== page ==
“My true Christmas surprise was the year after Kevin Keough left Newfoundland,” says my brother John from Nova Scotia. “The following Christmas, a big box arrived from New York with a Tonka cement truck for me and a Tonka grader for Brian. We were so proud of the Tonkas and we played with them in the endless gravel on Bell's Turn or in the woods across the street. It seems to me that Brian’s grader was left in a driveway and an oil truck (or other delivery vehicle) crushed it. When I see a Tonka, I can still feel the magic of that Christmas and remember Kevin who died from a head-on car collision six months after he was married at the age of 22.”

My sister Anne also mentions this box as her biggest Christmas memory.

“The Christmas after Kevin Keough lived with us, he sent a big box from New York with an electric knife for Mom and Dad and gifts for all of us. My gift was a book called ‘The Indian Mummy Mystery’ by Troy Nesbitt. I can still remember the whole story.”

“Christmas dinner was always exciting,” says Marie. “Transforming the living room into a huge dining room with the GIANT turkey — over 30 lbs — being carved, although we never used the word carved. But we did get those little tiny Waterford Crystal liquor glasses with a sip of wine or brandy. It was special.”

“We set up the old folding table that used to belong to Keoughs,” adds Gerry. “And people would perch wherever they could, in an old armchair, or on the bench, an assorted lot of chairs, all levels. Dad would clamp the vice on the kitchen table so he wouldn't have to crack the nuts for us. We thought it was normal.”

Christmas crackers followed the dinner. We all put on the silly paper hats and admired the case the crackers had come in.

“The cracker package must have been a piñata,” says my brother, Brian, but Dad would carefully lift the crackers out so as to not damage the cardboard snow house or snowman that we then used as decorations in following years.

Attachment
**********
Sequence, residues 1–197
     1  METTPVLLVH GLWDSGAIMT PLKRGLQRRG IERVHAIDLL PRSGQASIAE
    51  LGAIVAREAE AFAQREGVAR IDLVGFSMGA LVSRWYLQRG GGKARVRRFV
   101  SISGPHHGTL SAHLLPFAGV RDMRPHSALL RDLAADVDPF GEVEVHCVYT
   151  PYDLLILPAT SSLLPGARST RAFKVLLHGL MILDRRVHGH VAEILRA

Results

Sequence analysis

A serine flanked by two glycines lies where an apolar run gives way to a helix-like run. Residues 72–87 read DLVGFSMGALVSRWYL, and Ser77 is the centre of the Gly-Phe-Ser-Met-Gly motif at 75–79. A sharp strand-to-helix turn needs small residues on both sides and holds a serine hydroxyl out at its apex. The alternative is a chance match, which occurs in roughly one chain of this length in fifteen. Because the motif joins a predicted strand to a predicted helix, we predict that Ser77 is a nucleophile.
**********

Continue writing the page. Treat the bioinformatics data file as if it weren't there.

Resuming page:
To this day, seeing a Christmas cracker reminds me of Christmases on Bell’s Turn. As we all know, there’s more to Christmas than expensive gifts. We children on Bell’s Turn had a lot to be thankful for. We were like the Whos in Whoville who liked Christmas a lot. We didn’t need all the baubles and toys. We had each other.

 

Then the Grinch thought of something he hadn't before! What if Christmas, he thought, doesn't come from a store. What if Christmas … perhaps … means a little bit more!

— “How the Grinch Stole Christmas” by Dr. Seuss, 1957

 

Susan Flanagan can be reached at susan@48degrees.ca. This Christmas at her mother’s, Susan’s brother Brian will most

likely carve the turkey with the

white-handled electric knife that Kevin Keough sent her parents in the 1960s.

Organizations: Lilly and Co., Ayres and Giant Mart, Marshalls

Geographic location: New York, Calgary, Newfoundland Nova Scotia Whoville

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Recent comments

  • Mary Walsh Butler
    December 19, 2013 - 09:42

    Oh Susan you could have been describing Christmas at the Walsh house on Brady's Path, or LeMarchant Road. Like your family, our tree was not put up and decorated until Christmas Eve after we had all gone to bed. Wonderful article.

  • Marilou(Stamp) Brummund
    December 18, 2013 - 21:37

    Oh my goodness....so many memories of Bell's Turn. I remember them all so well. Thanks for bringing a smile to my face and reminding us all of the love and magic of Christmas!

  • Elaine Shano (Short)
    December 17, 2013 - 12:47

    Thanks for the memories Susan!